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Encyclopedia > Saturation (color theory) It has been suggested that this article or section be merged with Chromaticity. (Discuss)

The saturation of a color is determined by a combination of light intensity and how much it is distributed across the spectrum of different wavelengths. The purest colour is achieved by using just one wavelength at a high intensity such as in laser light. If the intensity drops the saturation also drops. To desaturate a color in a subtractive system (such as watercolor), the person can add white, black, gray, or the hue's complement. Subtractive color explains the theory of mixing paints, dyes, inks, and natural colorants to create colors which absorb some wavelengths of light and reflect others. ... Watercolor is a painting technique making use of water-soluble pigments that are either transparent or opaque and are formulated with gum to bond the pigment to the paper. ... White is a color, (more accurately it contains all the colors of the visible spectrum and is sometimes described as an achromatic colorâ€”black is the absence of color) that has high brightness but zero hue. ... Black is a color with several subtle differences in meaning. ... Gray or grey is a color seen commonly in nature. ... Complementary colors are pairs of colors that are in some way opposites of each other. ...

Purity in CIE 1931 XYZ color space

In the CIE XYZ color space, the purity or saturation is the Euclidean distance between the position of the color (x,y) and the illuminant's white point (xI,yI) on the CIE xy projective plane, divided by the same distance for a pure (monochromatic, or dichromatic on the purple line) color with the same hue (xP,yP) = ρmax(xxI,yyI) + (xI,yI) : In the study of the perception of color, one of the first mathematically defined color spaces was the CIE XYZ color space (also known as CIE 1931 color space), created by the International Commission on Illumination (CIE) in 1931. ... In mathematics, Euclidean geometry is the familiar kind of geometry on the plane or in three dimensions. ... A white point is one of a number of reference illuminants used in colorimetry which serve to define the color white. Depending on the application, different definitions of white are needed to give acceptable results. ... Something which is monochromatic has a single color. ... $p = sqrt{frac{(x - x_{I})^2 + (y - y_{I})^2}{(x - x_{P})^2 + (y - y_{P})^2}}$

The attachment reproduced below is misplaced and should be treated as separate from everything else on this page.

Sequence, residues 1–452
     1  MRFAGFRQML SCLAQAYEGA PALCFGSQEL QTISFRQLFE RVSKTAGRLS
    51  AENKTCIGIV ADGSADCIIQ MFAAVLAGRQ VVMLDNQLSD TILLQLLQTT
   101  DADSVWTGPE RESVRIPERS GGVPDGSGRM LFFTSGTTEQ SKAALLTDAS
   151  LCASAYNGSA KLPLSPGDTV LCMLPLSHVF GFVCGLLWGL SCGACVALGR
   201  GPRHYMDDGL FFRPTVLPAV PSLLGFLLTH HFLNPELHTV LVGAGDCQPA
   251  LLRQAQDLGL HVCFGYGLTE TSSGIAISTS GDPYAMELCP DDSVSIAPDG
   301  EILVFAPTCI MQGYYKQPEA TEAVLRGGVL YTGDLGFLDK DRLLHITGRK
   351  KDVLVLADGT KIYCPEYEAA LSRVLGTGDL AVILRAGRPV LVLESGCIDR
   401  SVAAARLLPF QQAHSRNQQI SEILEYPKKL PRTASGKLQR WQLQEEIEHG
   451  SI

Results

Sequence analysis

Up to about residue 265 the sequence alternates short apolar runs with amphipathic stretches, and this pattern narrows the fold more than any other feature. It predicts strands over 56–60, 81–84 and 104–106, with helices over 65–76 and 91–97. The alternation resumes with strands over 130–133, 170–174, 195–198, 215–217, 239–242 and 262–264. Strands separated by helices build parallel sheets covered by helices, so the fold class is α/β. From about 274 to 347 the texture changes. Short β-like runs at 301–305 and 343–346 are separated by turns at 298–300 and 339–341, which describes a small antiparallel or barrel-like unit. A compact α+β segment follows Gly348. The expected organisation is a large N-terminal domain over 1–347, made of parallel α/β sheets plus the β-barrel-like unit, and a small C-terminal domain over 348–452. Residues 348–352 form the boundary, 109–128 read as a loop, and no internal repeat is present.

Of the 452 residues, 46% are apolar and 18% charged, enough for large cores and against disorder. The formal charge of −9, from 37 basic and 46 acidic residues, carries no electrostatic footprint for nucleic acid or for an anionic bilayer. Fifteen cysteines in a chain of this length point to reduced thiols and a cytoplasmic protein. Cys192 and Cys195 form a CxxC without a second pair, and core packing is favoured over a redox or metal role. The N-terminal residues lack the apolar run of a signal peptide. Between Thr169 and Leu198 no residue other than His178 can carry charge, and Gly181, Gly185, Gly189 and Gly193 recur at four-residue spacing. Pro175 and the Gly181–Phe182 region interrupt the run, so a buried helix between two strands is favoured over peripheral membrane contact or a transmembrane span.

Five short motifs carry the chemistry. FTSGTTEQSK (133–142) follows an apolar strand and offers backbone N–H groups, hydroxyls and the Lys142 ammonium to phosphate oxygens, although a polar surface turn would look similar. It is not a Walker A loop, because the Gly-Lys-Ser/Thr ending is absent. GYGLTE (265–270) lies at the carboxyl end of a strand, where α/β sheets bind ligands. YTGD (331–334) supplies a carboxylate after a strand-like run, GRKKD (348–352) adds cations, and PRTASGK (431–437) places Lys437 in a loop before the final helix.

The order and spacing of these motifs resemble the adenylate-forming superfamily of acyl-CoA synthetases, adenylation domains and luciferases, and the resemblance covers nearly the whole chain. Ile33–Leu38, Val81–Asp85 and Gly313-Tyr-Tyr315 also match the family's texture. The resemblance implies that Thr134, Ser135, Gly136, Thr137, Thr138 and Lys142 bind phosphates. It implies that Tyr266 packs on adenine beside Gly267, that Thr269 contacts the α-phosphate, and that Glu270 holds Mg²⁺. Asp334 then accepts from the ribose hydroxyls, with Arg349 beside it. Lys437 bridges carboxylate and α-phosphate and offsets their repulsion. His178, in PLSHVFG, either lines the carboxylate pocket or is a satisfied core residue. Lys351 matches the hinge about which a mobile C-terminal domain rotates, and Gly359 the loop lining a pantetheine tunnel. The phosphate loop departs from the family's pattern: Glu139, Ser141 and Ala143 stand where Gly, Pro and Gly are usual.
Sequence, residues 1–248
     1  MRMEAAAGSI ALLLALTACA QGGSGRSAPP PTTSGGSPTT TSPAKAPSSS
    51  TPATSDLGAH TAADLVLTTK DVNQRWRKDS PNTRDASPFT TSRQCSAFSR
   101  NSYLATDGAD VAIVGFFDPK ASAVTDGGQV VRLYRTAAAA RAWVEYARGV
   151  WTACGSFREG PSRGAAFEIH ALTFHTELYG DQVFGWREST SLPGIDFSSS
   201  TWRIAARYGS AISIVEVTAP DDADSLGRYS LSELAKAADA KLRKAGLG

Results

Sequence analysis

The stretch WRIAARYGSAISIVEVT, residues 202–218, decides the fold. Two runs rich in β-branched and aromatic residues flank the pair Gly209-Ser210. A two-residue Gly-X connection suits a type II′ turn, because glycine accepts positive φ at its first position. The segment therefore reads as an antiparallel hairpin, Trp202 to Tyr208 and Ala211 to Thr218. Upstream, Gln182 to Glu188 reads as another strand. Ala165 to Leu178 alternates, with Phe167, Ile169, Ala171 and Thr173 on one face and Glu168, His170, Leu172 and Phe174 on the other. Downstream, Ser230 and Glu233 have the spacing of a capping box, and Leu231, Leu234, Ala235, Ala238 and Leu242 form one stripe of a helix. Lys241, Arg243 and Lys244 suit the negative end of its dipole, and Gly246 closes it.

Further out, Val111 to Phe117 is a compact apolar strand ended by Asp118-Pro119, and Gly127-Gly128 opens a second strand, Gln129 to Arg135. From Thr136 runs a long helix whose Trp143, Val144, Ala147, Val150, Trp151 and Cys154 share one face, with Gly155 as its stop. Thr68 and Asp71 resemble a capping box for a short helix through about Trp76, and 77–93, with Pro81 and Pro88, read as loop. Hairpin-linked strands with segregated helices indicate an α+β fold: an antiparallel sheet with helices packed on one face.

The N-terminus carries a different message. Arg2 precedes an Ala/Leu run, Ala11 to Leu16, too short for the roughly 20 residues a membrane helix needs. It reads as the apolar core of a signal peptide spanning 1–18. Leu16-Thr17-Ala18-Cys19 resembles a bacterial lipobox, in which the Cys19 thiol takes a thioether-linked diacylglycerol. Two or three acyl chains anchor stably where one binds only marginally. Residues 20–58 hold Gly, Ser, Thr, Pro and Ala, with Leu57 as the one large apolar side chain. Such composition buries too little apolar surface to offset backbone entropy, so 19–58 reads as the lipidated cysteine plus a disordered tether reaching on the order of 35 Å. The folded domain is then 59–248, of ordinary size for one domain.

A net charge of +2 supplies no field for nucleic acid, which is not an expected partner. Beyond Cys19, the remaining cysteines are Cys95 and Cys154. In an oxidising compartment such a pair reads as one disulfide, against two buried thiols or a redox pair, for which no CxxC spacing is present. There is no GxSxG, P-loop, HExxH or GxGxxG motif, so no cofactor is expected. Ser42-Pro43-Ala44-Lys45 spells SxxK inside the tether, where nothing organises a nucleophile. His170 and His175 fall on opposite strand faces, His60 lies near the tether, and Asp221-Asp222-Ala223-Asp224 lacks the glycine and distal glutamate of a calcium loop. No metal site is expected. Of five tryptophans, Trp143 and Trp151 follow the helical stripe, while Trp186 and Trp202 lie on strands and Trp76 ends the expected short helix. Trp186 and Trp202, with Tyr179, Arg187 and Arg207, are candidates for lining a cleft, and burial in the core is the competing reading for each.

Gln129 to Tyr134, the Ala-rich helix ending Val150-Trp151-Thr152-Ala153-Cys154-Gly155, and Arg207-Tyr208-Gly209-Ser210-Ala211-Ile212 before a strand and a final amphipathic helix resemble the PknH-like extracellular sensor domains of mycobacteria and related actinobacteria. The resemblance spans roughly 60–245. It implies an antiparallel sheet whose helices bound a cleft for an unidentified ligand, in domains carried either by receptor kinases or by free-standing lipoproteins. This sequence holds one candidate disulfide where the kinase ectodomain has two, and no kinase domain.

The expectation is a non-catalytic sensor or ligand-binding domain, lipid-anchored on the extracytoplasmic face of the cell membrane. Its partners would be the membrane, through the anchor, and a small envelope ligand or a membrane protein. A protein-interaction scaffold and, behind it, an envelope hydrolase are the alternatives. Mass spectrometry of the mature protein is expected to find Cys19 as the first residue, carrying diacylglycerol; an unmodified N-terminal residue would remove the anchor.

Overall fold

and ρmax maximal within the boundary of the chromaticity diagram.

Saturation in RGB color space

In an RGB color space, saturation can be thought of as the standard deviation & sigma; of the color coordinates R(red), G(green), and B(blue). Letting & mu; represent the brightness, then An RGB color space is any additive color space based on the RGB color model. ... In probability and statistics, the standard deviation is the most common measure of statistical dispersion. ... Brightness is an attribute of visual perception in which a source appears to emit a given amount of light. ... $sigma = sqrt{ (R - mu)^2 + (G - mu)^2 + (B - mu)^2 over 3}$.

An example of saturation in layman's terms in the RGB color model is one in which a person has maximum saturation if he or she has 100% brightness in the red channel while having 0% brightness in the other channels; he or she would have no saturation if all the color channels were equal. Thus, saturation is the difference between the values of the channels.